Introduction to Cookie-Based OAuth:
Cookie based authentication means a record or session is kept on both server and client after successful authentication. The server needs to keep track of active sessions in a database, while on the front-end a cookie is created that holds a session identifier, thus the name cookie based authentication. Let's look at the flow of traditional cookie based authentication:
An Example for a response Cookie after a successful authentication on login.yahoo.com; as you can see below, the cookie can used for all yahoo services :
Once I click on the Mail icon (mail.yahoo.com) for example, the following cookie is attached to my request , the same cookie I received in response to my authentication on login.yahoo.com
How does this relate to Isolation?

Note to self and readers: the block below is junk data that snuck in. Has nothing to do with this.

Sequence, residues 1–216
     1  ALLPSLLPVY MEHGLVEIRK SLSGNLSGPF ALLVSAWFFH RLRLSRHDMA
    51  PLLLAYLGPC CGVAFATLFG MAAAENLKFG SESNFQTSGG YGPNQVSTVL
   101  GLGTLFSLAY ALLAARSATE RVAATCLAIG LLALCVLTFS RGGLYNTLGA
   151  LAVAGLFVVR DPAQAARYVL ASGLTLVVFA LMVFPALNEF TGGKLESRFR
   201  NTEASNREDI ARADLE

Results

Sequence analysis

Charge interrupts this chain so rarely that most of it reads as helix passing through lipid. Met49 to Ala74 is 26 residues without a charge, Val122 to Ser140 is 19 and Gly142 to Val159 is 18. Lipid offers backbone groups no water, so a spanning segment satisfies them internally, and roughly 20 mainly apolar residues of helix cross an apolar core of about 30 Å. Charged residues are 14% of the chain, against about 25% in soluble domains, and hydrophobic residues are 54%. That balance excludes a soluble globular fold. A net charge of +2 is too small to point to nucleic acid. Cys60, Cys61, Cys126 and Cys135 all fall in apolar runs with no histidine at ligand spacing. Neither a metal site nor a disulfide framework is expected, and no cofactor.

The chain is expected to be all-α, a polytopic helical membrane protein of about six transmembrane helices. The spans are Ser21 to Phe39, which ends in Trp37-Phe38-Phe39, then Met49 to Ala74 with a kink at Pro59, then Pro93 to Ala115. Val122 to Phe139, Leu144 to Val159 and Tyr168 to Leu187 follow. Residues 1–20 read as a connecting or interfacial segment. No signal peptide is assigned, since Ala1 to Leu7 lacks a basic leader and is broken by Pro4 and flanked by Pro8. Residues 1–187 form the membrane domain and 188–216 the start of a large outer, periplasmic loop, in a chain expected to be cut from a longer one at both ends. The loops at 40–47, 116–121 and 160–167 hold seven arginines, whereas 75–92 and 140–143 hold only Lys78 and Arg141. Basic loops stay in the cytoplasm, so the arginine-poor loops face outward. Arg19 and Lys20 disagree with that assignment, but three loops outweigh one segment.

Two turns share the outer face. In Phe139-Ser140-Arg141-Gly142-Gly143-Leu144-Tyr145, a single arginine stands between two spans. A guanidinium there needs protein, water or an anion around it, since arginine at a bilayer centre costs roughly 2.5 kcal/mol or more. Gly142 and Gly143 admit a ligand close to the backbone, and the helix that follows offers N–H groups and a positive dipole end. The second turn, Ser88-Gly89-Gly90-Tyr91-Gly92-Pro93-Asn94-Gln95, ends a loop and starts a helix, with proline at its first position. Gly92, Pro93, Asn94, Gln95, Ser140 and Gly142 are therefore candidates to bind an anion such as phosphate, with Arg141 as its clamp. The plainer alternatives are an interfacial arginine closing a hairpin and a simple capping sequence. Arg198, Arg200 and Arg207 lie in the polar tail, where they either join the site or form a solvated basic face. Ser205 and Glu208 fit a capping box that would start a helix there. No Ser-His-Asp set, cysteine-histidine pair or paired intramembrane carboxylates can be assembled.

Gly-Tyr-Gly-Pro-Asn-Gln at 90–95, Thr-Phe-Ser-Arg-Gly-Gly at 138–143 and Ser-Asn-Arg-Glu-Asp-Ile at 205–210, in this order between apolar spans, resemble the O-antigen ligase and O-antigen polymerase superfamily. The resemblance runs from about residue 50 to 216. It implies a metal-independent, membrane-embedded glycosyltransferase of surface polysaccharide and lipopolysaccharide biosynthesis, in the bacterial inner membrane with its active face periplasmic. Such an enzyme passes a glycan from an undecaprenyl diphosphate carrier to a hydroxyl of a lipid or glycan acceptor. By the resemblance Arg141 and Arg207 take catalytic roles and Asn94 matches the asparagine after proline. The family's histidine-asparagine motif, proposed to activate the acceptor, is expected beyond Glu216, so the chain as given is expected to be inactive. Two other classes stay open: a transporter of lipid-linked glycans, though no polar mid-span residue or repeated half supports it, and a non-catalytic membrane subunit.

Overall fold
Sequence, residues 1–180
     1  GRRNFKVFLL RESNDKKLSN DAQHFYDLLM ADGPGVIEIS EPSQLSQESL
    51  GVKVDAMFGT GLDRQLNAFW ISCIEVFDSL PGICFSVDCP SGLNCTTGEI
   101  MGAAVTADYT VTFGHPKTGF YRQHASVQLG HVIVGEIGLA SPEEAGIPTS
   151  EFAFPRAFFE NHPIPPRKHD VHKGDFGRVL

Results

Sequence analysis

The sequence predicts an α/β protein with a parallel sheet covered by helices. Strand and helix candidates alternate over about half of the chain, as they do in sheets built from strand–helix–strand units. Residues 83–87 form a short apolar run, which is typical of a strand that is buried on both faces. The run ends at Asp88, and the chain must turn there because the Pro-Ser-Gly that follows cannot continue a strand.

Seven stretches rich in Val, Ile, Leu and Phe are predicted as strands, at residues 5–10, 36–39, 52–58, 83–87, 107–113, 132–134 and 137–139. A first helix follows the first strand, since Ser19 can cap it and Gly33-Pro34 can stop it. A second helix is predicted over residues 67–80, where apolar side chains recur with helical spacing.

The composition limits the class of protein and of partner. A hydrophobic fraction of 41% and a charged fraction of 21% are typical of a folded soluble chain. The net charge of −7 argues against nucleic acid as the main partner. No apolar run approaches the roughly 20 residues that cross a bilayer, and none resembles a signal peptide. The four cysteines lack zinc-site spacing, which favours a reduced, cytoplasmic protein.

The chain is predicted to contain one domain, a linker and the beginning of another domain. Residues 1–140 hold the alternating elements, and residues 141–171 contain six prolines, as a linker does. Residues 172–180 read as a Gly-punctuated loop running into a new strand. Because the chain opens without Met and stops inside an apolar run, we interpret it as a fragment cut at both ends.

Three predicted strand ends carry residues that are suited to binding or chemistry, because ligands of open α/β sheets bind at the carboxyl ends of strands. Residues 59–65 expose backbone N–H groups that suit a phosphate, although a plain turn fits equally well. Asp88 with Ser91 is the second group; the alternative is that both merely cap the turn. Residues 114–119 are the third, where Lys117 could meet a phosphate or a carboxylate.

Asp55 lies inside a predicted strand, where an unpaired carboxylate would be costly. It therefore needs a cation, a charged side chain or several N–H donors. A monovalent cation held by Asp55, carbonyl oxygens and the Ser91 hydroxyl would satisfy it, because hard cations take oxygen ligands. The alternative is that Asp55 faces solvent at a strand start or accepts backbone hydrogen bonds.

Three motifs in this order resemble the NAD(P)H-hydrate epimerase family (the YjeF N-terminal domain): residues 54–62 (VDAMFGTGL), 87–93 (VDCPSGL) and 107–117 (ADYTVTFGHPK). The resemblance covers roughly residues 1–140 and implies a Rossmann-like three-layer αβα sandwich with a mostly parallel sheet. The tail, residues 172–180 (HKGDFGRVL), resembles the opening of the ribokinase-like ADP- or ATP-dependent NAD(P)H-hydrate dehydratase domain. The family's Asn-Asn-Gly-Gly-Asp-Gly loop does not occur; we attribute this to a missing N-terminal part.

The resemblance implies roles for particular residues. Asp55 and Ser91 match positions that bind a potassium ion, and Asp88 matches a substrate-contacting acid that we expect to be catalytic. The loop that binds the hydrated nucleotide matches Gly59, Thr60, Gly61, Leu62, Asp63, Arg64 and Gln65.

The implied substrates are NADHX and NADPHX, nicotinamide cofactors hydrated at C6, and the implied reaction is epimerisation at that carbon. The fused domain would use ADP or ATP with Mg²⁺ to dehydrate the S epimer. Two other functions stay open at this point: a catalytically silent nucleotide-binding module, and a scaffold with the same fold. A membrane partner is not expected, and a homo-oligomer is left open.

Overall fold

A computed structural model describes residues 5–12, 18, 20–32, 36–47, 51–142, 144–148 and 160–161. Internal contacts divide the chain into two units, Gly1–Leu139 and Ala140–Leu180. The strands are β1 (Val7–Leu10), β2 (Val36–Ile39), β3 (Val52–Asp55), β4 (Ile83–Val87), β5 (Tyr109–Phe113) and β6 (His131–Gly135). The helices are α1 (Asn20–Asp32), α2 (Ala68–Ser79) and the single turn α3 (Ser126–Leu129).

Short Answer: You must configure the proxy forwarding policy to isolate both login.yahoo.com and mail.yahoo.com or Both Search Engines/Portals and Email if you match using URL categories, for the user to be able to open his Email account.
If you have a use case where the proxy is configured to forward only Email Category to FG, and this Email service delegates authentication to OAuth Portal (Example; you request mail.yahoo.com, you are redirected to login.yahoo.com for authentication) , the user will fail to open his Email Account and redirection keeps happening even if the user is successfully authenticated, why? because login.yahoo.com (as an example for an OAuth portal) is not isolated, which means the response cookie is saved on the user machine , while the mail.yahoo.com is sent from the isolation VM which has no cookies!
Isolating both Search Engines/Portals (login.yahoo.com & accounts.google.com) and Email (mail.yahoo.com and mail.google.com) is required